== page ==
Get A Handle On Your Equipment. STAT!


As winter digs in, it’s a great time to look at your equipment fleet and get it ready to deliver maximum performance and productivity when you begin servicing customers’ properties again.

Winter is also a good time to improve and streamline your parts inventory processes. Many companies these days track their fleet maintenance and repair data on their computers. I cringe when I hear a company owner, fleet manager or head technician say, “We keep our records in hard copy.” Doing everything on paper creates confusion, is difficult to track or analyze, and increases shop expenses.

Regardless of how you keep your shop records, start by listing all of your equipment. This is your equipment fleet inventory, and it should contain detailed information about the condition of each production unit. Include the following data: description of the unit, model number, purchase date, hours of use and, of course, any major issues unique to that unit.

Your list should also include a planned retirement date for each unit. This is important because you need to include this information in your budget so you can be prepared well in advance of replacement. It’s not uncommon for experienced owners to replace 25 to 30 percent of their fleets each year. That takes money, but it is well-spent. These owners realize having the most reliable and best-performing equipment pays for itself by reducing downtime and generating billable work.

Upgrade to stay competitive

Who can afford to be using older, less reliable equipment in the competitive environment that now defines our industry? The most profitable landscape and lawn services companies manage their equipment to get the maximum revenue from its use.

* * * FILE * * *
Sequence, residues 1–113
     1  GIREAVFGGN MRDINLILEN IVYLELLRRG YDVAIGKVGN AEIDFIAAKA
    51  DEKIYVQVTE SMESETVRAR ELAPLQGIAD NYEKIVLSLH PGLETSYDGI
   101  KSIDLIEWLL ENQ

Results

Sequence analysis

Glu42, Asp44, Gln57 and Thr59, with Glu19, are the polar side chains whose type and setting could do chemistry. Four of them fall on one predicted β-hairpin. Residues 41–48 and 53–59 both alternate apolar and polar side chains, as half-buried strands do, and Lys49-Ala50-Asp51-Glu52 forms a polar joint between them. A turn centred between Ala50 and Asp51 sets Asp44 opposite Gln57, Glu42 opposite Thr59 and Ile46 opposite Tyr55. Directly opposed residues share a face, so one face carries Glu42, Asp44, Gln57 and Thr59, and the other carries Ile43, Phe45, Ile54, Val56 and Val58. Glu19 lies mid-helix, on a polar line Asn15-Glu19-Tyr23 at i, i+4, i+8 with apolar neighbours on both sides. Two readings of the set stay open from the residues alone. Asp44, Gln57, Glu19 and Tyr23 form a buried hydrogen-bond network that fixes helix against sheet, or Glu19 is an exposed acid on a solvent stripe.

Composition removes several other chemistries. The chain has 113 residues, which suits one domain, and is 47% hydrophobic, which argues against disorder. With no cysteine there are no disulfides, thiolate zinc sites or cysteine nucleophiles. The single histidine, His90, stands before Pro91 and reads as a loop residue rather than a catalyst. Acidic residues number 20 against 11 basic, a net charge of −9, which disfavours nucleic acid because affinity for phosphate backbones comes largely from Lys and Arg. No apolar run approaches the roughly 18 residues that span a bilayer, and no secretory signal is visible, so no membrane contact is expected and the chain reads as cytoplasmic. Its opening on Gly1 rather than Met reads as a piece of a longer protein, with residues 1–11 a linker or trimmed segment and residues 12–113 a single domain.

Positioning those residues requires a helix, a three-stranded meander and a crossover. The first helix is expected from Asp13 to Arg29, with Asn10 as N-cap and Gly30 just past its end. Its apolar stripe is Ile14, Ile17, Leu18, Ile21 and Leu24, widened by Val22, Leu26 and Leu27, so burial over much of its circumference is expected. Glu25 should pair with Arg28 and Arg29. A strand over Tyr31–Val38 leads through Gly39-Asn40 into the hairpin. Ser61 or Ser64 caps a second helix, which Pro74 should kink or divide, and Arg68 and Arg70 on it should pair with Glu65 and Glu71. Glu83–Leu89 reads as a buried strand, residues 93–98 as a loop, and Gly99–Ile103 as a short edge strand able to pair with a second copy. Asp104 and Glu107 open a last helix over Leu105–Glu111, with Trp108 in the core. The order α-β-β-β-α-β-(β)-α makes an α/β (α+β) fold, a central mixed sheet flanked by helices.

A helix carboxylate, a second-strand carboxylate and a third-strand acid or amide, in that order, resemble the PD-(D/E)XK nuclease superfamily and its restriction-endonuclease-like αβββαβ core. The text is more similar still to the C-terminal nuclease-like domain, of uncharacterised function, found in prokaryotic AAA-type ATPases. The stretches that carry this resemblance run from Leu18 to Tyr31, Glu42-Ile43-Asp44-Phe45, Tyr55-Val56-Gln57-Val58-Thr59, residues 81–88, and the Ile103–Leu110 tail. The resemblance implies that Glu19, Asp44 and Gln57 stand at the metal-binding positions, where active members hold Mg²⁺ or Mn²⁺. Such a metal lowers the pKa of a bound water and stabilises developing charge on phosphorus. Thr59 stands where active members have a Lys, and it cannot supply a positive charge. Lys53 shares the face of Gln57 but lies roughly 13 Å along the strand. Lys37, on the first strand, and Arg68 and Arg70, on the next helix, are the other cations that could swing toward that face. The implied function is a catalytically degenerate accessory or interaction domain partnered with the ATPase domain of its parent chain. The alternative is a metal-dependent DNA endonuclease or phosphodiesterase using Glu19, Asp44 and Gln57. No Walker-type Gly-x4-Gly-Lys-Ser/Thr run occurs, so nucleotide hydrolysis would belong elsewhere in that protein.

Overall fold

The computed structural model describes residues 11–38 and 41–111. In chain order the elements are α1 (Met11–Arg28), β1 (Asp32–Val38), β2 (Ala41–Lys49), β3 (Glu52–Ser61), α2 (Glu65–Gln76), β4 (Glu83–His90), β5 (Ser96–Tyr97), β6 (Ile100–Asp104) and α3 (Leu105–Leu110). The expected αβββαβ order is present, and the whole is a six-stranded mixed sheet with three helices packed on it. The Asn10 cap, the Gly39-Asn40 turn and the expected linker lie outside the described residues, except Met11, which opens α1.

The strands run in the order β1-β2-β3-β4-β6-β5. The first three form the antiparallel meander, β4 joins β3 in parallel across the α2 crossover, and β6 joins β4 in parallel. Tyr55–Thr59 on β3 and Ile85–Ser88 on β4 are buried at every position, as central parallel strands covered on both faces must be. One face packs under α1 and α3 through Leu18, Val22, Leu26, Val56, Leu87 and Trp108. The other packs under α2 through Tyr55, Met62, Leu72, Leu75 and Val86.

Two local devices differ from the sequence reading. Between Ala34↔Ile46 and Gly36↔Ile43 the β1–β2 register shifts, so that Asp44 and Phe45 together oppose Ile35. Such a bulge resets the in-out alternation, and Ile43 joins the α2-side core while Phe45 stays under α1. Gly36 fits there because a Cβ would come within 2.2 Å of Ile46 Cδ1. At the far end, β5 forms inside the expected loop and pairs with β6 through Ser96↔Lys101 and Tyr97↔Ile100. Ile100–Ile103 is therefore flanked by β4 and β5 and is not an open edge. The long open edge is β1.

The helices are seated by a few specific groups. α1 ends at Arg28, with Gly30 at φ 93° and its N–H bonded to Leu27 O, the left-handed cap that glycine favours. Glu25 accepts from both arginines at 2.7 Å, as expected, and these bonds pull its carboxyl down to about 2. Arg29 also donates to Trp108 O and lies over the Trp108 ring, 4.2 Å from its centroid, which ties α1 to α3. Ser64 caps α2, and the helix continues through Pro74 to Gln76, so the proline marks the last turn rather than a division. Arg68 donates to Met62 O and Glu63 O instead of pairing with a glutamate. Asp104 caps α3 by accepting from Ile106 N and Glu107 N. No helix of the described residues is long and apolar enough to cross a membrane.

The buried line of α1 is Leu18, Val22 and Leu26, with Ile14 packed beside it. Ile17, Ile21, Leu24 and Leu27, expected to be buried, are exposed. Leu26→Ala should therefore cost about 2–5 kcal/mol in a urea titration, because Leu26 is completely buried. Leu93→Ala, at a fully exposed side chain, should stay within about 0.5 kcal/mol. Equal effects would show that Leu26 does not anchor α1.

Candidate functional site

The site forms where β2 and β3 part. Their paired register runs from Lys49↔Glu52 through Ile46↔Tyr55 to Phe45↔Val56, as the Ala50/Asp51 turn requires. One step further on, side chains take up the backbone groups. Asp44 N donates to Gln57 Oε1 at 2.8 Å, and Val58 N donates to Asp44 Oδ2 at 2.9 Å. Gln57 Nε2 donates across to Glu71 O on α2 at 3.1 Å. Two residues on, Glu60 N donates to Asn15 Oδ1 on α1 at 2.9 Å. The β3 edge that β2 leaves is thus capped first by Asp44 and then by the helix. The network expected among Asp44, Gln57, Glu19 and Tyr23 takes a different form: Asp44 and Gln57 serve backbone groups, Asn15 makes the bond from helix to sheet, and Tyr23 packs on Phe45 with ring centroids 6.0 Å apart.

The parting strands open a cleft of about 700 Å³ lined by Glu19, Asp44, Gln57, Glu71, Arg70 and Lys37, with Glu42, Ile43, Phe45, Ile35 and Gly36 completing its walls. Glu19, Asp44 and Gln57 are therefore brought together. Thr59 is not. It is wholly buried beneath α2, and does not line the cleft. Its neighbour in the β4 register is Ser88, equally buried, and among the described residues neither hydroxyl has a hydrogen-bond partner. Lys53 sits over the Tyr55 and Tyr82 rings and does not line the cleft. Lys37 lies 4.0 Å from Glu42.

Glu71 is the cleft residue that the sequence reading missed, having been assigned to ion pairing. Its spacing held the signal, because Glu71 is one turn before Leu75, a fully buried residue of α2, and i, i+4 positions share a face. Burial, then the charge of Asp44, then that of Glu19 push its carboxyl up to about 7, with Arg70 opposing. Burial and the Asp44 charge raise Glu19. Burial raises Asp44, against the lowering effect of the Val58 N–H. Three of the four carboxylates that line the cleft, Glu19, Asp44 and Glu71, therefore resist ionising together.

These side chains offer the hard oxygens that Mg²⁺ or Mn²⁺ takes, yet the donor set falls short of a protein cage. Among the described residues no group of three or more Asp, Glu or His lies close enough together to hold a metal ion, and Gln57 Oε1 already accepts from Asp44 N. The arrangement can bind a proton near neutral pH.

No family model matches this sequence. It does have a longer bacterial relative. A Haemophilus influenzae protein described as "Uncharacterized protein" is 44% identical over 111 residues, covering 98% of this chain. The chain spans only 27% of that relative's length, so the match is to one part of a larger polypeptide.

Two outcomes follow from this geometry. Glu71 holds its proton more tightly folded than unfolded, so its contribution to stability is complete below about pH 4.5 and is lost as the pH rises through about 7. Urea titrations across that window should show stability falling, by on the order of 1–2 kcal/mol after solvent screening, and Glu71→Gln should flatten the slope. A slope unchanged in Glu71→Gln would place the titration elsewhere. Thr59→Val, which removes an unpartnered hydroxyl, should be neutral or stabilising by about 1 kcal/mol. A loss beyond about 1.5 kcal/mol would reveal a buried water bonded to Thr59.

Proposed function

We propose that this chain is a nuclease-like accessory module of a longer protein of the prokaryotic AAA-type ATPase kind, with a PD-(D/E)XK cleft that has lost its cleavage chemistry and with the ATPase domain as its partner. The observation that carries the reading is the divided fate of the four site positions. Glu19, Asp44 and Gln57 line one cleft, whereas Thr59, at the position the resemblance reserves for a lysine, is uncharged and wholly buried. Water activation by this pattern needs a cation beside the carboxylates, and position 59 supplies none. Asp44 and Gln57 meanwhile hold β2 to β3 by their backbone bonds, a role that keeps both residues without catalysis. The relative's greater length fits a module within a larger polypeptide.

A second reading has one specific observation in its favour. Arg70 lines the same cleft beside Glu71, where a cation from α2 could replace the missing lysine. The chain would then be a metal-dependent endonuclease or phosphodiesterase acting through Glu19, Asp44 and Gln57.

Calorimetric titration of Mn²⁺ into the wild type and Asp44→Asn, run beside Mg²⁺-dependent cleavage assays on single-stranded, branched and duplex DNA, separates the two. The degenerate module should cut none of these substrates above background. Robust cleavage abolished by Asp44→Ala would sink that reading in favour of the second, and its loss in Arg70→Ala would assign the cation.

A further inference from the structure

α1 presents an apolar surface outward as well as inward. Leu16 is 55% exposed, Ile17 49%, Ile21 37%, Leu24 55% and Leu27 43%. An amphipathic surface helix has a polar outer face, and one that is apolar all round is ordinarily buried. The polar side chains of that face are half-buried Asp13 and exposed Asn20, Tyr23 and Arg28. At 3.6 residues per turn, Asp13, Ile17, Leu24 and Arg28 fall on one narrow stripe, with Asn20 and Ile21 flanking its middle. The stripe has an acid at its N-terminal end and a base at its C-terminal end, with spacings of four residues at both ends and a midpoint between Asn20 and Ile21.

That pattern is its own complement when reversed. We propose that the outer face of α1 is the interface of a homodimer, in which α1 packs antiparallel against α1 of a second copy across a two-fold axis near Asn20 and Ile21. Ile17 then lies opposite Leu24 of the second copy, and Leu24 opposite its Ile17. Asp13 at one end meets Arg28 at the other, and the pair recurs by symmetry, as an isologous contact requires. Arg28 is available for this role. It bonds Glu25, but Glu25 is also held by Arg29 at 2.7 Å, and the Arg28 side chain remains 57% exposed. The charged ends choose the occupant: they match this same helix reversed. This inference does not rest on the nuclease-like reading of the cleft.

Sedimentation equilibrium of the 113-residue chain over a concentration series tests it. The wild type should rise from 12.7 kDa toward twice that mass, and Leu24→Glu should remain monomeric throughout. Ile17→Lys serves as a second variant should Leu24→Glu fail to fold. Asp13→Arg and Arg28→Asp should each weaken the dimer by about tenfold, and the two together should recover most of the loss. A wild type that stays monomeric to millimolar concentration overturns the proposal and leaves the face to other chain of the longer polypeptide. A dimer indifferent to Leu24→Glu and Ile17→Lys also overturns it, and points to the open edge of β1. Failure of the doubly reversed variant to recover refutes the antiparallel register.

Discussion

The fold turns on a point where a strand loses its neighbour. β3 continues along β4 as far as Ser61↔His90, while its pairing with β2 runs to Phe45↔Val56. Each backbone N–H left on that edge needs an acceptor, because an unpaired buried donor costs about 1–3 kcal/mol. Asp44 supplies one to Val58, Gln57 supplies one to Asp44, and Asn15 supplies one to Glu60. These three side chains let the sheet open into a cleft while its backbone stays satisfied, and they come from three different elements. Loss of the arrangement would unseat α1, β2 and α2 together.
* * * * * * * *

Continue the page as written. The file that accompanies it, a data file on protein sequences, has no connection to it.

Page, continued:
Maintain your equipment like your business future depends upon it — because it does. Properly maintained equipment lasts longer, is less likely to fail on the job and is worth more when you sell or trade it in for new equipment.

Not everything you do to keep your fleet in tip-top shade is expensive. For example, cold winter days are ideal for working inside and tuning up engines, performing preventive maintenance and replacing worn parts.

Winter is also a good time to improve and streamline your parts inventory processes. If, during the examination of your fleet, you see that some of your units are showing wear and may need replacement parts, order them now so you will have them on hand and ready to go should a failure occur when the active spring season arrives.

Based upon the records you have been keeping, you also should know you will need certain maintenance items once production gets underway again. That list will almost certainly include items such as filters and belts. If you are ordering lots of these types of parts, don’t be shy about asking for best pricing or for a discount from your dealer.

Smart landscape business owners also tell me they always use high-quality fuel, two-cycle mix and fuel stabilizers. They typically replace gasoline-powered, hand-held equipment every two years, stripping some of the more expensive, usable components from retired units as backup parts.

Operator training saves time

Now is also a good time to develop and schedule equipment operator training sessions. One $12-per-hour untrained and inefficiently performing employee can cost the company more than $100 per week. Training and increasing employee competence is a low-cost, high-benefit proposition that rewards the company with better employees and more profitable business.

This is also the time to design job time studies. Knowing how long it takes crews to complete jobs and working to reduce those times is important. Evaluate ever thing your crews do from what equipment is used on jobs to which operator uses each piece of equipment. Plan travel routing and rest breaks so every minute is efficiently used It will pay off this spring.

There’s more than gas- and diesel-powered equipment available today. Propane has become the fuel of choice for some contractors and battery-powered equipment is fast emerging in the market. Evaluate your fuel options this winter, and you may find better and less costly ways of powering equipment.